Don’t Look to the Movies to Learn About Disability


Disabled films, it seems, are intended either to win Oscars or to jerk tears, not to embrace the disabled community.

The next time you meet a disabled person, throw the films you’ve watched about them out the window and discuss film itself, free of ability.

By Kristen Lopez

Like a lot of girls growing up in the 1990s, I wanted to be just like Cher Horowitz in Clueless. There were obvious barriers: We can’t all live like protagonists in a romantic comedy, and I certainly didn’t pass my teenage years in a mansion in Beverly Hills or possess a remarkable computer program that picked out my clothes. But as a teen girl with disabilities, the differences between my life and Cher’s were particularly pointed. I have brittle bone disease and get around in a wheelchair, which means that even some of the more realistic trappings of her life are unattainable to me. I really wanted to drive a “loqued out Jeep” like Cher when I turned 16, for instance, but that wasn’t exactly realistic — her white Wrangler didn’t have a door, and it certainly wasn’t big enough to fit my best buds and my wheelchair at once.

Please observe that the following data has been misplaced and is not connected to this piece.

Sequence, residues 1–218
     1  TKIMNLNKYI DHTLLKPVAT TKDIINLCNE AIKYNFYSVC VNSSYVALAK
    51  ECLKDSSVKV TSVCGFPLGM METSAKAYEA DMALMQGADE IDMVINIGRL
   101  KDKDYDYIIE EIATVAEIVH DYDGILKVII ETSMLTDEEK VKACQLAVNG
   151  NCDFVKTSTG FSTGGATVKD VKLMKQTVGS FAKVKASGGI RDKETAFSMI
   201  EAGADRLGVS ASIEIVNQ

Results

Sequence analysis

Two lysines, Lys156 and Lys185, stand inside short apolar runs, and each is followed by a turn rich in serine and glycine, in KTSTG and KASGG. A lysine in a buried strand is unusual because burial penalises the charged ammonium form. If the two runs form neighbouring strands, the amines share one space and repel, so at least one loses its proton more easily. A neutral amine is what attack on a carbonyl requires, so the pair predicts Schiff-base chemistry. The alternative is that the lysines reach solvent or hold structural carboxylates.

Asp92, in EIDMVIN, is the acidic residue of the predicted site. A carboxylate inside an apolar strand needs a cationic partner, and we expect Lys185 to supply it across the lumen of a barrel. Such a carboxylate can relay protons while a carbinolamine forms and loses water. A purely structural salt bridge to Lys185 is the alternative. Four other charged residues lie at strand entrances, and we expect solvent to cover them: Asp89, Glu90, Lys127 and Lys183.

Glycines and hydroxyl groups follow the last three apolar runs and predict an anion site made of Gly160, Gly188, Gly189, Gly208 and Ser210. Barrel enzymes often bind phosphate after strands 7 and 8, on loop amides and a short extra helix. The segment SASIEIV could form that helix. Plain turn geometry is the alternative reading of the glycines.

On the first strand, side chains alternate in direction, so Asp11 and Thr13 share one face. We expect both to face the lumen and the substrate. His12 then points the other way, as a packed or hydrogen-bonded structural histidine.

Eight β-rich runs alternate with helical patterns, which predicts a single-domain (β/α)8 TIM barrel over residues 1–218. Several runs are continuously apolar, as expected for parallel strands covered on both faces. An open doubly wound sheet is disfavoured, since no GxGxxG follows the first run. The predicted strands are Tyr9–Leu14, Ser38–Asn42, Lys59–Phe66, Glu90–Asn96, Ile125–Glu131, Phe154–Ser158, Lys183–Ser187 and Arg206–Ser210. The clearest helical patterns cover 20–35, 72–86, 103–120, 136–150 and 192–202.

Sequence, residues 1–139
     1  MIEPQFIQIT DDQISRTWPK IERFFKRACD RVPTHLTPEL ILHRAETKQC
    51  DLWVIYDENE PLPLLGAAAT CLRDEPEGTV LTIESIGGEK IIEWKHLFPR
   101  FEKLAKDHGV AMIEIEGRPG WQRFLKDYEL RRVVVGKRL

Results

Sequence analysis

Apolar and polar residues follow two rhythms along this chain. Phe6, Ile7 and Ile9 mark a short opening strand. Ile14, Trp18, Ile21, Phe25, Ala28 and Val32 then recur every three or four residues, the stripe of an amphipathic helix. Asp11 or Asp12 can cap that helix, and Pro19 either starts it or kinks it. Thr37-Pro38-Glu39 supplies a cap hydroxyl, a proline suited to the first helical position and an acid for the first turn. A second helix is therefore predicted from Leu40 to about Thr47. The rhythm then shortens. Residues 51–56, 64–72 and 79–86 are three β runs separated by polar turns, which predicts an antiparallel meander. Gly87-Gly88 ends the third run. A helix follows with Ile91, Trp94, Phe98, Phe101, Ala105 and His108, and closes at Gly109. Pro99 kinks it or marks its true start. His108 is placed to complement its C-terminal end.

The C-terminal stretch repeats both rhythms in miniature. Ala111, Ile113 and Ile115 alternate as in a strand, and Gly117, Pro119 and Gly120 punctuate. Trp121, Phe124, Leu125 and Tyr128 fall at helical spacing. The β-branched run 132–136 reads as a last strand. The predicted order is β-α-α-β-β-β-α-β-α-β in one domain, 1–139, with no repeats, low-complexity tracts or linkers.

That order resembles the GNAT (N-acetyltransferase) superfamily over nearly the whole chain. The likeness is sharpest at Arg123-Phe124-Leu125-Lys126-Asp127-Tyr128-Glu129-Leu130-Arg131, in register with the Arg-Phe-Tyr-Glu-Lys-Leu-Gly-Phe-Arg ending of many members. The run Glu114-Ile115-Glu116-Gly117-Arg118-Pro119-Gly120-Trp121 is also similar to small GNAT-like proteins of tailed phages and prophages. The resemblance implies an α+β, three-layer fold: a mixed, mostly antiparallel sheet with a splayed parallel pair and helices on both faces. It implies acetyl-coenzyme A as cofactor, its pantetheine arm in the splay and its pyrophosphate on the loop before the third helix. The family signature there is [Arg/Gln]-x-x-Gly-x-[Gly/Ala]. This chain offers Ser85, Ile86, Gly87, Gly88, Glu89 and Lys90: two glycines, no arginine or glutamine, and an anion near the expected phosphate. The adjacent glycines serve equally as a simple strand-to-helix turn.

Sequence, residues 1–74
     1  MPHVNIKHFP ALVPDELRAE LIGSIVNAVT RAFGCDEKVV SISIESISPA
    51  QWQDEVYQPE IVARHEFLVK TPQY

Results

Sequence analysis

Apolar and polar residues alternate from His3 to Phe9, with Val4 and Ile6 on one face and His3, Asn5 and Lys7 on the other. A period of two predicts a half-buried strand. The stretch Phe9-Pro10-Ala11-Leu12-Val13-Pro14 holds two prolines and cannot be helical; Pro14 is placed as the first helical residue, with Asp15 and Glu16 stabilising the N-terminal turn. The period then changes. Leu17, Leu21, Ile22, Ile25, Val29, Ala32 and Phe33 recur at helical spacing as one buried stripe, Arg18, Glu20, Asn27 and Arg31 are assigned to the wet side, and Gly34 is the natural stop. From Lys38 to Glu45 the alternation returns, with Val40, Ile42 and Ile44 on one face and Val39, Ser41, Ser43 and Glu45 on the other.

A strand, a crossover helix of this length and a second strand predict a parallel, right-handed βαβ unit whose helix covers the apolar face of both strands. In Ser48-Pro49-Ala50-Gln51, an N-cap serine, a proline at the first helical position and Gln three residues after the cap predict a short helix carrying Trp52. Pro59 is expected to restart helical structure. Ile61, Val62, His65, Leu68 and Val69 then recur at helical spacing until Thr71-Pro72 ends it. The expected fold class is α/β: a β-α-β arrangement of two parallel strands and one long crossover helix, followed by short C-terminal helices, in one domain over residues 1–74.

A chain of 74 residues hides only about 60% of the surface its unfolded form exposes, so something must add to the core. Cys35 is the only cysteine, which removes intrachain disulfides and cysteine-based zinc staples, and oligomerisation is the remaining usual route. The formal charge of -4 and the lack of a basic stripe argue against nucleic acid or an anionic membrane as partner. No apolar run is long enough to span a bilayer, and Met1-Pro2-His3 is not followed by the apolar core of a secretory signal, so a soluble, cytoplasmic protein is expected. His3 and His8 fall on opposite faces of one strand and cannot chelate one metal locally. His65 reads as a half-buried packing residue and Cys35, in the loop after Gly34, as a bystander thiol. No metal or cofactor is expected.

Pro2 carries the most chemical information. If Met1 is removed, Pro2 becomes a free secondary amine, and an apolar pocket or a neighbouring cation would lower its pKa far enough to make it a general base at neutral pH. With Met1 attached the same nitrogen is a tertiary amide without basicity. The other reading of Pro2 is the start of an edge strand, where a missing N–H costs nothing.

Most of the characters I’ve laughed at, cried for, and identified with at the movies have possessed different abilities than I do. That should come as no surprise, given how few disabled characters appear in movies in the first place: Though 19 to 20 percent of the American population has a disability, the proportion of disabled characters in cinema “hovers at around 1 percent,”according to Lawrence Carter-Long, a public affairs specialist at the National Council on Disability. What characters do exist are often archetypal and, usually, buzzkills—in his 1991 study, disabled writer and activist Paul Hunt identified 10 major tropes in particular, including a person who is “non-sexual,” “pitiable and pathetic,” or an object of “curiosity or violence.”


As a film critic for the past 10 years, I’ve nevertheless often fielded questions about how I identify with these disabled types at the movies. This kind of curiosity is often well-intentioned, but it operates on an erroneous presumption. Just because I’m disabled, and that movie character you know is, too, doesn’t mean we share anything in common. Nor does it mean that the character in question has insight to give about the real experience of being disabled. Films are works meant to entertain and unite us, but they aren’t the gospel truth; films about disability, in particular, aim less for authenticity than commercial potential. As a disabled person who feels deeply about the movies — I began writing film criticism because of that — I haven’t formed abiding connections with most characters who have disabled characteristics, despite our surface-level similarities.


As a kid, the first disabled characters I remember seeing at the movies weren’t encouraging or inspiring for me—they were just plain scary.